Interpol, "Interpol"

Album Review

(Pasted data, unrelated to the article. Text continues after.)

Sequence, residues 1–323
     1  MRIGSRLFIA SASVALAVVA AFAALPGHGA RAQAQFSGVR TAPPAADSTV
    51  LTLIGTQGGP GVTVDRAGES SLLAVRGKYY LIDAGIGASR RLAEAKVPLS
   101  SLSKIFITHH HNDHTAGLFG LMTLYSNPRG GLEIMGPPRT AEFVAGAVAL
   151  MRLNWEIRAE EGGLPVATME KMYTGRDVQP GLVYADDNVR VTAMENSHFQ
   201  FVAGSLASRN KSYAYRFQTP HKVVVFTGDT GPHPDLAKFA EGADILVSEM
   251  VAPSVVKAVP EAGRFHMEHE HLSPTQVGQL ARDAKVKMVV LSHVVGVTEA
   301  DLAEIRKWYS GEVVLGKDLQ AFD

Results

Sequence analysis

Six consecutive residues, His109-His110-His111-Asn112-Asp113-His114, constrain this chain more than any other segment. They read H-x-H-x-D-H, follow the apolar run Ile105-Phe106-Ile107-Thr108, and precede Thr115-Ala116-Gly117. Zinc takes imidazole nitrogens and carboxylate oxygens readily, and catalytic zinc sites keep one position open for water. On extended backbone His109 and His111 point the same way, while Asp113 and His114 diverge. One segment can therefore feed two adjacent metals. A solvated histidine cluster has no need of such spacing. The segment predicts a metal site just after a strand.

Interpol's self-titled fourth album suffers from everything the band did right on its first three albums. With the members' slick guitar interplay, taut production and Paul Banks' weirdly engrossing lyrics, the New York indie rock titans created a vehicle for success that seems to have run out of steam on "Interpol," the group's return to Matador Records. After the effortless grit of opener "Success" jolts listeners awake, the band noodles around with half-formed hooks on tracks like "Memory Serves" and "Always Malaise (The Man I Am)." Lead single "Barricade" showcases Banks' best vocal tics and an inspired bassline courtesy of now-departed member Carlos D, but the song can't help but pale in comparison to the pinpoint guitar rock of past achievements "Obstacle 1" and "Slow Hands." "Interpol" is undoubtedly a solid effort, but solid shouldn't be satisfying for a band that has proved to possess the talent of indie rock's elite class.